Consumerism And Self Worth: Part Two

Part Two: The Need To Acquire More

When we examine the products we consume the most as a society, it becomes clear that the way the system must be designed in order to keep consumers coming back is to provide a constant turn over and progression of products. The heaviest consumption is that of food products, followed by clothing, beauty products, the latest technological advances, and other services.

This progression of products can be seen very clearly when we examine the fashion industries as we did in Part One: Media & Beauty Trends last week. For women in particular, the beauty industry has constructed an amazing scheme to keep us reaching for our wallets.

Think of all the various types of clothing there are for women, each only acceptable in their context of usage. There’s the semi-formal daily office attire, cocktail attire, evening wear, intimate wear, casual wear for lounging, athleisure wear for working out in public, and of course the ever morphing styles that change with every season.

dressed to kill by arielaot
Image Credit: dressed to kill by arielaot is licensed under CC by SA 2.0; Source: link

We can see how the industry drives the need to fit into acceptable (dare I say even coveted?) social guidelines for fashion via the media and how we in turn flock to buy the latest trends and drive up profits.

Some of us (myself included) detest this social dictate for women to have a plethora of different looks throughout the day and consequently, an outrageously expansive wardrobe. I know I personally have bought clothing that I’ve worn once and never touched again. Conversely, there are several items of clothing I’ve had for close to a decade and still treasure. Many of us enjoy the freedom of self expression that is found in how we style and present ourselves.

I’m not saying consumerism is inherently bad or good. I am simply asking that we mindfully purchase company’s products. The point is not to sway anyone into changing their consumer behavior, but rather to make us all aware of what drives our behavior and why we consume these products.

Rather than seeing the next hot thing in an advertisement and immediately rushing out to buy it, let’s try asking ourselves why do I want this particular thing? Is it because I’d feel inferior without it? Is it because it’ll make me feel beautiful? Is it to cure my boredom? Is it so I can feel good when others compliment me on this new thing? Or is it because it is adding value to my happiness and fulfillment?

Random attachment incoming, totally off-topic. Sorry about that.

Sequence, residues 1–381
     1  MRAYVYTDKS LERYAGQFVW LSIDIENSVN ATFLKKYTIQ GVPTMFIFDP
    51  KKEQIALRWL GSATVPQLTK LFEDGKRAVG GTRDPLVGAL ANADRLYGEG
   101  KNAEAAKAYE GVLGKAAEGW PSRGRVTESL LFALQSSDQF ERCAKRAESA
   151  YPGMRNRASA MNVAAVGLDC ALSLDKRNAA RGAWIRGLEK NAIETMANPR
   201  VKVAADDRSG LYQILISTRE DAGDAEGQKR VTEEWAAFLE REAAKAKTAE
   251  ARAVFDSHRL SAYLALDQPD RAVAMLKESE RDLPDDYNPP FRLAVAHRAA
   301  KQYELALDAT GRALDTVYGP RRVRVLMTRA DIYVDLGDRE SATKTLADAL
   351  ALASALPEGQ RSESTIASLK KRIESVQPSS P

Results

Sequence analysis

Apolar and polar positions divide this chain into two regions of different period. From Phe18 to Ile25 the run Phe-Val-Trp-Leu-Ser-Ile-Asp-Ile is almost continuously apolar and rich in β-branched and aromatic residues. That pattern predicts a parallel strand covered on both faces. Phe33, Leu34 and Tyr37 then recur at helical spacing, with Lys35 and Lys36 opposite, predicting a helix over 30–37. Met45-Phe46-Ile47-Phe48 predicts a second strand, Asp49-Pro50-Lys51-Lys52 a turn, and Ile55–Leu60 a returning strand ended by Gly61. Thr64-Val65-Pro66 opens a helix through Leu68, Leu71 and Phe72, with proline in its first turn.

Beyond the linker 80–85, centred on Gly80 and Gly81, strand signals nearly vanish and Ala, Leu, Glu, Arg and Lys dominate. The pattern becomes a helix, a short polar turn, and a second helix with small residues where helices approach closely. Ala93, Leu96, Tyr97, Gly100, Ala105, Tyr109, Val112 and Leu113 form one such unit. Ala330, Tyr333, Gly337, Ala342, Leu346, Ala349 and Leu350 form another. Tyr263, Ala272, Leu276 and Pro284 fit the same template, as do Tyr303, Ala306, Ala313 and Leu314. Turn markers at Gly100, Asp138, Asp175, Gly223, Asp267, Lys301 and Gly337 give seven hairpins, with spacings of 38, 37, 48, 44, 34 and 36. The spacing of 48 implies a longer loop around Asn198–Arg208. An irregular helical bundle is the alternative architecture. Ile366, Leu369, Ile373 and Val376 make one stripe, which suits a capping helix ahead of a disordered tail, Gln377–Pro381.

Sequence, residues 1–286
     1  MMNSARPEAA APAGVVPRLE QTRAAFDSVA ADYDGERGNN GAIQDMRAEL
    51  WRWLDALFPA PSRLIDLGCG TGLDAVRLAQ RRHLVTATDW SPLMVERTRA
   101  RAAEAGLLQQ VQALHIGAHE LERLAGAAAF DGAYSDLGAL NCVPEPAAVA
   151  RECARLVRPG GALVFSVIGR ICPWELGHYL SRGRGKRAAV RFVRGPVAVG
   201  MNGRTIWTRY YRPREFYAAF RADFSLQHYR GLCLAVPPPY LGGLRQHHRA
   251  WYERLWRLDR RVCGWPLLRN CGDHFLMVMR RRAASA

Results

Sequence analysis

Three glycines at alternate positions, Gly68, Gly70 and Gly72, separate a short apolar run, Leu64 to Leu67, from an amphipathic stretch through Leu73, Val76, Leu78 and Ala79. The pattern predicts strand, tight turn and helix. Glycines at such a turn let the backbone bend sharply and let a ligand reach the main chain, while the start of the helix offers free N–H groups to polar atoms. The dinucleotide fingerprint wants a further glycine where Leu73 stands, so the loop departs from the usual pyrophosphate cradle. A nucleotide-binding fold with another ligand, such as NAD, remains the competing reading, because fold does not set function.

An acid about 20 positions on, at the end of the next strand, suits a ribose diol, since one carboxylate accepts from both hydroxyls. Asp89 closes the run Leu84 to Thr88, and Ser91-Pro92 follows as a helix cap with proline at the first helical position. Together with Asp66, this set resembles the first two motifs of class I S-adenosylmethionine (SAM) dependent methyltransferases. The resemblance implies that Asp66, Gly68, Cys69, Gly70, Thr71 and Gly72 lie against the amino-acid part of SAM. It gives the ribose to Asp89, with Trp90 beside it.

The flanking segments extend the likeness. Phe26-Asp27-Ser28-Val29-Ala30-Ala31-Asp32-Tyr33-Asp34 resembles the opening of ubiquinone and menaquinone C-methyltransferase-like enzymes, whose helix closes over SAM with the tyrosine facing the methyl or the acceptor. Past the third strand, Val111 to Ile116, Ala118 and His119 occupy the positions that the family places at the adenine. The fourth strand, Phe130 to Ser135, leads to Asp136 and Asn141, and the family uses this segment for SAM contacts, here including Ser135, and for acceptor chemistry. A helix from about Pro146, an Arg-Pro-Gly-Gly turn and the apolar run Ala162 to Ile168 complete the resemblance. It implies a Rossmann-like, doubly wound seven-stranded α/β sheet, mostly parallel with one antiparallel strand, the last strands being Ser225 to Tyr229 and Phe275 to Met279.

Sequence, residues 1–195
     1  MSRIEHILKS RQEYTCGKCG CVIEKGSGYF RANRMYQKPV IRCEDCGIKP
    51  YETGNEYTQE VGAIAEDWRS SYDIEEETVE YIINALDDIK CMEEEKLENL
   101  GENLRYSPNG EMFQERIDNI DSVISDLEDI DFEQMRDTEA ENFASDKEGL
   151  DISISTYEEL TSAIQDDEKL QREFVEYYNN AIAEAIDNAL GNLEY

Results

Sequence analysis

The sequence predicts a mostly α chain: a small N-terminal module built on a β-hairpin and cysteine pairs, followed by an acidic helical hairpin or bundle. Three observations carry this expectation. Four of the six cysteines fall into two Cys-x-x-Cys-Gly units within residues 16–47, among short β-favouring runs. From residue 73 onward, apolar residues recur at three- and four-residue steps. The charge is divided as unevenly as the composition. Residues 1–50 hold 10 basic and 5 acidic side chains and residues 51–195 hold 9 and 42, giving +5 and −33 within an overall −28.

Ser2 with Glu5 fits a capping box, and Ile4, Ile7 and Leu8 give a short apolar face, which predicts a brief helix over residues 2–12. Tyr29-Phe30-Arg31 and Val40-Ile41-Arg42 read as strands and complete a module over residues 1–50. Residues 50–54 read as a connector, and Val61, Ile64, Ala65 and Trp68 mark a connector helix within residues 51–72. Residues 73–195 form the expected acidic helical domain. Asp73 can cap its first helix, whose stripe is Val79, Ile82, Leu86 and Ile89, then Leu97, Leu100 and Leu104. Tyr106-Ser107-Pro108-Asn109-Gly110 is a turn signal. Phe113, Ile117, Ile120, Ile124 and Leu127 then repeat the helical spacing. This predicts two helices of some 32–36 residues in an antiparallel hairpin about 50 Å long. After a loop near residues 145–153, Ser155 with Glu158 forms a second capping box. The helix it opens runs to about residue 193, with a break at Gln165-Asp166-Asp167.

How Media Fuels The Need To Acquire More

Advertising targets our weaknesses on a subconscious level. Often we don’t even realize why we feel insecure and dissatisfied after watching these commercials.

For the next example, let’s take your typical car commercial. A car that looks much more powerful than your current vehicle is shown cruising through the great outdoors or a slick city and you’re either driving alone if you’re male, or with family if you’re female.

nice place nice car by Ben
Image Credit: nice place nice car by Ben is licensed under CC by SA 2.0; Source: link

Women this car is going to solve all your soccer mom transport problems and make you feel like a more productive, younger version of yourself! Don’t you want to be the perfect wife and mother with effortless ease like this actress we have paid? With this car, you can do it all!

MenThe road. The hunt. The adventure. You and your car. Feel the power. Don’t you want to feel free and in control of your life again? With this luxury vehicle, you can.  

These kinds of commercials, whether they be for cars or other products, target the human desire to grow and improve. This very natural quality in and of itself is a wonderful thing.

However, it’s when this kind of mind-manipulating advertising leads to the endless pursuit of product consumption that this part of our nature is being used detrimentally against us.

How Media Feeds Food Addiction

Whole Foods Plant Based Disclaimer: For the duration of this post, I will be staying away from all vegan agendas where possible (as much as it pains me to do so) for the purpose of better universal understanding of how the advertising cog of the food industry machine works. Additionally, the word “food” will be used fast and loose like your grandma in her prime to incorporate food-like substances that are questionably edible at best.  (For a deeper understanding of food, check out 7 Tips For How To Start Eating Healthy)

Food. Oh, how we love it.